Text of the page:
This is due to the fact that management accounting is for decision making and thus it is used for planning the future of the organization while financial accounting is for the reporting of past operations and thus it deals with past performance. Management accounting does not have specifications for the time span after which it should produce financial statements but financial accounts must be prepared annually and their statement presented to the concerned parties (“Financial and Management Accounting”, 2008, p. 1).
Financial accounts must be prepared in accordance with the rules set out by the IASs (International Accounting Standards) and the law. Thus financial accounting must follow the GAAP (Generally Accepted Accounting Principles). This enables easy comparison of the financial accounts of different organizations.
On the other hand, managerial accounting is not governed by any rules and it concentrates on the usefulness of its accounts to the decision-making function carried out by managers. Its accounts are therefore not prepared in accordance with the specifications given by the IASs. It also does not have format specifications for its accounts from the law (Gupta, 2009, p. 1).
Due to the difference in the objectives and users of the reports from the two types of accounting, the need for verification of their truthfulness varies. Management accounts are used within the organization and thus there is a negligible motivation for manipulation of figures. The fact that it is meant for future planning, phases out the possibility of untruthfulness meant to cover frauds and mistakes. Due to the fact stated above, management accounts are not subject to auditing requirements.
On the other hand, financial accounts are presented to external parties like shareholders, creditors, banks, government agencies etc. and thus their truthfulness may be compromised. The fact that financial accounts are concerned with historical data is also an input to the need for establishment of the truthfulness of financial accounts since they may be manipulated to conceal unintentional errors and frauds.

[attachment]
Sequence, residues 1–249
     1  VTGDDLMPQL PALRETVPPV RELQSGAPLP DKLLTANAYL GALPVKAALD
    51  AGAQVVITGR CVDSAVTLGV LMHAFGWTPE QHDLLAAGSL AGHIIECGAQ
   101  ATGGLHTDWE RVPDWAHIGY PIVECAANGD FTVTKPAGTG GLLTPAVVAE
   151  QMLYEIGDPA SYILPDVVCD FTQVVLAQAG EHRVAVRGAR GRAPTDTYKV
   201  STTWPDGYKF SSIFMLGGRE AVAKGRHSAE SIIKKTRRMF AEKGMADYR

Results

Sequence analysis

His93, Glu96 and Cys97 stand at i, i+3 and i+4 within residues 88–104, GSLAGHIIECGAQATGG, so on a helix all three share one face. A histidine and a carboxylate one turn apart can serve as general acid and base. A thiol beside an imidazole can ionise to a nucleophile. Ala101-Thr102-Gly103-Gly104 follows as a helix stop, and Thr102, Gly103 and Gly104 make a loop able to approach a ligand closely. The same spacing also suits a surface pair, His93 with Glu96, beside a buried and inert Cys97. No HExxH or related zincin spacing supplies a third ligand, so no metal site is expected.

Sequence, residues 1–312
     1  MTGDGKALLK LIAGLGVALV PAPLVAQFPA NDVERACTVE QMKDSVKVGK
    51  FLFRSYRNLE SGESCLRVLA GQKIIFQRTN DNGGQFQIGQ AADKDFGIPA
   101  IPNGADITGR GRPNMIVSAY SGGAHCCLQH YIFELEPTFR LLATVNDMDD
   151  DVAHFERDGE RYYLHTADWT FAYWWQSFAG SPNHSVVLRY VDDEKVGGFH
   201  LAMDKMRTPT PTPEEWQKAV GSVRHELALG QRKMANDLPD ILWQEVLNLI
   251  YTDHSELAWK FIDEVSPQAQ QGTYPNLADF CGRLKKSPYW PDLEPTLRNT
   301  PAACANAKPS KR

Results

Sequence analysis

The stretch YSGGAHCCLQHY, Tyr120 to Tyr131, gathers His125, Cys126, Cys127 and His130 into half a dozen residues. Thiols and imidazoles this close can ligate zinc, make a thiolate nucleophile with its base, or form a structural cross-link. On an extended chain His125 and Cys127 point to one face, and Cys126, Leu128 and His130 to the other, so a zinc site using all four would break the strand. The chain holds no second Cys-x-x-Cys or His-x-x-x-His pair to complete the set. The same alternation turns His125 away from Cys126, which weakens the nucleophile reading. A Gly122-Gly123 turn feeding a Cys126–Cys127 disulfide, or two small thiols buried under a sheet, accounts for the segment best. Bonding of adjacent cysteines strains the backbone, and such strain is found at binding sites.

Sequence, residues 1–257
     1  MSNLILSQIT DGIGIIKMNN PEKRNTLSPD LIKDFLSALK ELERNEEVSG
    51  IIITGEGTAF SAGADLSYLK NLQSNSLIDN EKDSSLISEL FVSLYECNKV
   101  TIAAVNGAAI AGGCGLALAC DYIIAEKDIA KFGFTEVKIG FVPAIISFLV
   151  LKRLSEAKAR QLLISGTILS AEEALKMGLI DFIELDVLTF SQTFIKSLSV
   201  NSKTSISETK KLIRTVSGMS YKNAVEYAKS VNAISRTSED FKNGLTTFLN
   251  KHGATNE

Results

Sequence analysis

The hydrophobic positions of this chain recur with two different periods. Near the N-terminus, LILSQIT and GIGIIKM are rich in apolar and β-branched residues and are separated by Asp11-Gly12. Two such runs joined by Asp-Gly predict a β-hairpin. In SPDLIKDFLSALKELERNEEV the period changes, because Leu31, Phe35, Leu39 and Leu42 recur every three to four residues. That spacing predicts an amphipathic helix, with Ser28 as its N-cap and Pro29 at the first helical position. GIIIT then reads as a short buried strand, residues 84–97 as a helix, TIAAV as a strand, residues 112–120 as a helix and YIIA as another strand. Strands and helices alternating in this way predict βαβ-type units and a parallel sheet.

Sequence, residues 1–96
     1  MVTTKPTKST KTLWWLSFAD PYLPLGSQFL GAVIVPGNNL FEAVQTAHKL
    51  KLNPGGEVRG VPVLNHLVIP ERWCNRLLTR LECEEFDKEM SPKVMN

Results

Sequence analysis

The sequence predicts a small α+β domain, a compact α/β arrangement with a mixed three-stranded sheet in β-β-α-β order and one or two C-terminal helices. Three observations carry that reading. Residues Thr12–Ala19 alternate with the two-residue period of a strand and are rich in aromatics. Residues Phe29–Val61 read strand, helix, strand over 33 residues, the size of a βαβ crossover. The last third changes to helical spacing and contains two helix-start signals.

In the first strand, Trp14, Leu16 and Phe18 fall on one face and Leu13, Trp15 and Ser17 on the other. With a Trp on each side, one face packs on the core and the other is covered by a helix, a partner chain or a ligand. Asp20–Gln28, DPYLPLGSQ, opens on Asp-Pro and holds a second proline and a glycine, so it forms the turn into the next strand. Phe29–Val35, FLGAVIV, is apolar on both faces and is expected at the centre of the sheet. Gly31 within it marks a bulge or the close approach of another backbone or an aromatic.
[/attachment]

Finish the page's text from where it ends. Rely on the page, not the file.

It is, therefore, a legal requirement that all financial accounts for limited companies be audited to establish their truthfulness. Financial accounts are, thus, characterized with data objectivity and verifiability due to the auditing requirement. On the other hand, as long as the items presented in management accounting reports are relevant to decision making, data objectivity and verifiability is not mandatory (“Financial and Management Accounting”, 2008, p. 1).
From the discussion above, it is apparent that management accounting is mainly concerned with cost analysis and budgeting functions aimed at aiding management in decision making while financial accounting is concerned with recording of financial data related to transactions and the use of this data in the preparation of periodic financial statements for presentation to external parties.
The differences between management accounting and financial accounting are, therefore, inexhaustible due to the differences in their objectives, scope, timeliness and the difference in the users of their reports.
Additional differences that are not mentioned in the discussion above include the fact that in financial accounting, management should be concerned about the sufficiency of disclosure in statements while in management accounting, the management should be worried about the effects the management reports are bound to have on employees and the organization as a whole (Geoffrey, 2009, p. 1). Therefore, management accounting and financial accounting are very different.
Geoffrey. J. (2009). Comparison of financial and management accounting. Retrieved March 30, 2010, from, http://tutor2u.net/business/accounts/financial_management_accounting_comparison.htm
Gupta. T. (2009). Introduction to managerial accounting (Cost or Management Accounting). Retrieved March 30, 2010, from,
Transport Financial Analysis. (2008). Financial and Management Accounting.